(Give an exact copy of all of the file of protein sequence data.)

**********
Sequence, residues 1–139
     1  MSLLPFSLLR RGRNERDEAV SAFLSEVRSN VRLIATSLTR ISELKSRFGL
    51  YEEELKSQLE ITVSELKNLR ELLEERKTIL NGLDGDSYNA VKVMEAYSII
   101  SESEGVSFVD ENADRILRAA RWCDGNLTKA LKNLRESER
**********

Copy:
Sequence, residues 1–139
     1  MSLLPFSLLR RGRNERDEAV SAFLSEVRSN VRLIATSLTR ISELKSRFGL
    51  YEEELKSQLE ITVSELKNLR ELLEERKTIL NGLDGDSYNA VKVMEAYSII
   101  SESEGVSFVD ENADRILRAA RWCDGNLTKA LKNLRESER